Archives for category: Random rambling

“…So for me patience is most fitting”

            -Yaqub Father of Yusuf


While we wait,

Droning along

Towards world excellence

Towards new order.


Policing the heinous crimes of The Others.

So Christian like-

This show of black intelligentsia.


Covert. Ignorance. Advocacy.


Yes the Dream is real.

The fight won. So

You and I can fight some more


And some mo’,

and some mo’.



I had a Dream

That my big brother was spying on me,

To keep me mo’ safer, make my life mo’ betta.

Ensure my loyalty


Les’ I be


A lone wolf wandering amongst the sheep

While the shepherds preach?


The reporters ask,

“Would He be here today?”

“Is this the Dream which

Thine eye did seek?”


Hell no


This dream reeks

Of Orwellian overtones,

Unmanned. Fallacy. Orbits.

So that the children of the world may

One day


Be free.


Dost thou love life? Then do not squander time, for that is the stuff life is made of. -Benjamin Franklin

Thank you Mr. Franklin, I couldn’t have said it better myself.  Since undertaking some new responsibilities in my life, (a.k.a. a new job, a.k.a now I can pay more bills) I find my myself yearning for more hours in the days and for more minutes in the hours.  I fully understand the complaints of those writers who try to balance practicing their craft with putting food on the table.  I guess I should try to look at it from a more creative positive viewpoint; now I have more fodder to give my poems life.  I digress…

The true reason for this post was to share a link to a poem of mine that has been published by the lovely ladies of The Blue Hour Magazine.  Please be sure to head over to their site and show all of the wonderful poets, writers, and artists some love!  I’ll be back to posting poems and random ramblings soon enough.  I just wanted to thank all my followers and even those of you who just happened to fly by and “like” a few of my posts.  I love you guys and wish you well.

-Umm Qamar

In the Purple Rain- A poem by Jasmine Javid

Google Images

Writers. They are those eclectic creatures everyone wants to be. According to most Johnny Depp portrayals of authors, we drink excessively, smoke endless cigarettes, experiment with mind-altering drugs, and then prop ourselves up in front of a typewriter and expect miracles to fall onto the page.

If that description doesn’t sound familiar to you then you don’t know jack about writers. No seriously, writers are actually hardworking, sane individuals. Not unlike other human beings we sometimes get caught up in the throes of depression. I can attest to this from experience, not just as a writer, but simply as a human being.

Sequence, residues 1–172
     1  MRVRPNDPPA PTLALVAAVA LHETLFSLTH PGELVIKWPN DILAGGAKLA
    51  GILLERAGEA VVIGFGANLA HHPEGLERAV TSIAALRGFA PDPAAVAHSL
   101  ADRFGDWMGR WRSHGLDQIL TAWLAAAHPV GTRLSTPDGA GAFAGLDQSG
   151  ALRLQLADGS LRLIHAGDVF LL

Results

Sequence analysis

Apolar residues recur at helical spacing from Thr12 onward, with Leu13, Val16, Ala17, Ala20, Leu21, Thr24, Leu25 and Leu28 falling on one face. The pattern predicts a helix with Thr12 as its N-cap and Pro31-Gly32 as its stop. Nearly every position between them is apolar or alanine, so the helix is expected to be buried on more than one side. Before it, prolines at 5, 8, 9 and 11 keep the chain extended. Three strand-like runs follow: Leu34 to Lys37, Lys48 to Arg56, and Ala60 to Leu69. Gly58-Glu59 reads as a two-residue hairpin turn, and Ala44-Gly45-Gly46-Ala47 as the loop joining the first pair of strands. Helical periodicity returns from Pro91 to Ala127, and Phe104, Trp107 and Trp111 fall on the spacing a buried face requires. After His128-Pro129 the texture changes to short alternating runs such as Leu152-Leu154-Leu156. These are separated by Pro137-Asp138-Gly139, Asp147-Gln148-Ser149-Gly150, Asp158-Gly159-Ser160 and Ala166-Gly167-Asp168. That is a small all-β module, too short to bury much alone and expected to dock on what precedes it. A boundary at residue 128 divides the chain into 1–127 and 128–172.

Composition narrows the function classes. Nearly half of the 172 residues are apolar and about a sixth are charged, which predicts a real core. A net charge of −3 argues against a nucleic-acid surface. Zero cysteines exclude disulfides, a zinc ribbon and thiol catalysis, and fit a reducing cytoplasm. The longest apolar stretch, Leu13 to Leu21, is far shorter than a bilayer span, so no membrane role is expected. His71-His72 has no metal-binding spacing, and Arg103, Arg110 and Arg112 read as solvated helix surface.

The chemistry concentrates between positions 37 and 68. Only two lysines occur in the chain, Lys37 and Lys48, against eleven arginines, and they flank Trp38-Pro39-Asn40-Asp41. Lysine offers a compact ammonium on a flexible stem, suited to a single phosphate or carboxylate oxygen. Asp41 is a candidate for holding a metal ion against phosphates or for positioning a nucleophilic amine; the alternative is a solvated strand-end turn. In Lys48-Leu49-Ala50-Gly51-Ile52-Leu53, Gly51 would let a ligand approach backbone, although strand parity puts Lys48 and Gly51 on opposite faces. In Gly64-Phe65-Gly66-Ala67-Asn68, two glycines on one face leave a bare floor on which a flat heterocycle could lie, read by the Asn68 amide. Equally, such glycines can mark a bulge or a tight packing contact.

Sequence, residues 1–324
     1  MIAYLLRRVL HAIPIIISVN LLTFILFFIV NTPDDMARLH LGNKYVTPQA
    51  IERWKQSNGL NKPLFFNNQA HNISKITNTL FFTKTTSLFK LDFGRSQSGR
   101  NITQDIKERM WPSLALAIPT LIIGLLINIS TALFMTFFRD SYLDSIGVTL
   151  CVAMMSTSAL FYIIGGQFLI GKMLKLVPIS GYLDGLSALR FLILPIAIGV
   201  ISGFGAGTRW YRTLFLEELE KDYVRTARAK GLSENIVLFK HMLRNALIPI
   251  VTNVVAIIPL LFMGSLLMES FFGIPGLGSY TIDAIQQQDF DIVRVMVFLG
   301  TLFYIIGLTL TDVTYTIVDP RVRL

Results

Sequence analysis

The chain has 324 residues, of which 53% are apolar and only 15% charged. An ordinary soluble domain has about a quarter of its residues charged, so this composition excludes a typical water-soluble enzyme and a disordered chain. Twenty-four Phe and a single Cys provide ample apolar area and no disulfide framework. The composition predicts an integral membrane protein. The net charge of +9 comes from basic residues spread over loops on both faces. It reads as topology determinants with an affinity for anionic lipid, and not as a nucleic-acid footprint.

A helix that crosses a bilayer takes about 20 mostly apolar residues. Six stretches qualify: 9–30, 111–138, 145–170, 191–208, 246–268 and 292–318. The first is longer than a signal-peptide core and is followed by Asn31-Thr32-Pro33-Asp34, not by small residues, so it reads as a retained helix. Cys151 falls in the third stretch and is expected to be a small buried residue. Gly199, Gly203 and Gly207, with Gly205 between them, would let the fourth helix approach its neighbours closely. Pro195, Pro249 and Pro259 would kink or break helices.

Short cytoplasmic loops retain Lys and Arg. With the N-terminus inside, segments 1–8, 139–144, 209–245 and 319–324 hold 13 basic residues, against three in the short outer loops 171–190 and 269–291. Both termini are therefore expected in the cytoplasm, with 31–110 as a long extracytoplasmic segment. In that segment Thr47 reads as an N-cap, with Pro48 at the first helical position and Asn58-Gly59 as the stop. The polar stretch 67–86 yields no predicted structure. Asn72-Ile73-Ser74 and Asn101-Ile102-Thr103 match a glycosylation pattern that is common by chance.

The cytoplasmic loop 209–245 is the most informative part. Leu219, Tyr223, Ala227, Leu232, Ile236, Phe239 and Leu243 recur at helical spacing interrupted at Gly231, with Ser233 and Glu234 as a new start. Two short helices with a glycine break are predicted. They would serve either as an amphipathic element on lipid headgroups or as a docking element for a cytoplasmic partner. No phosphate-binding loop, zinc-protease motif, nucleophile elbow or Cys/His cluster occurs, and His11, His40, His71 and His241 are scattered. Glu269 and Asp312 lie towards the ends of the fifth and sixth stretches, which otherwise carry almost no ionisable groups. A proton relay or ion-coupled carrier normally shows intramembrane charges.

Depression, whether it’s clinical or self-diagnosed affects people from many different walks of life. Unfortunately we live in a society or rather in a world that is very conducive to this disease. Being a creative individual may actually expose you to more of the stress that causes depression. Creative types spend a considerable amount of time noticing and analyzing the nuances of the environment we live in. We notice and are inspired by the little details that most people miss. A lot of times it is these same details that cause us to feel pain and to harbor a foreboding sense of hopelessness. As an artist you respond to these feeling by creating something which expresses your thoughts and emotions. So does this mean that one can only produce something meaningful when one is battling bouts of depression?

Of course not. You see I thought yesterday was going to be one of those days. You know the type of day wherein you wake up cursing the sun for having the audacity to shine while you are trying to wallow in your misery. Yeah, one of those days. I knew what the cause of my discontent was, but I still found myself fighting back tears. I continued with my morning routine because as you know- kids don’t give a damn how your emotional health is. They want their breakfast and it had better be good. So I made a decision. I was going to fake it until I made it. Following the advice of my grandmother I said aloud, “Devil you are a liar!” I asked God to remove the storm clouds from above my heads and from under my eyes. Then I just let go.

Depression, humph! Ain’t nobody got time for that!

Let me make this story short. Since I homeschool my son I’m in complete control of his schedule. I decided to switch things up and go to the park before we started any of his school work. Let me tell you how prayer works honey. As soon as I stepped outside of my door, it hit me. The warm sun greeted me while the breeze flirted with my hemline. We were experiencing unseasonably warm weather. It was as if God was saying, “Look boo, I got your back.” It was then that I realized just how ungrateful I had been. To think I was going to allow myself to be overcome by darkness. All I had to do was make a conscious decision to be happy. Allah took care of the rest.

When we arrived at the park I sat down and wrote. I wrote about how grateful I was to be worshipping a God that not only hears your prayers, but who answers them in ways that our minds can’t even conceive. I was able to concentrate on projects that I had long since brushed to the side. More importantly, I laughed and played with my son. He never had the slightest inclination that mommy had woken up feeling like doggy-doo that morning.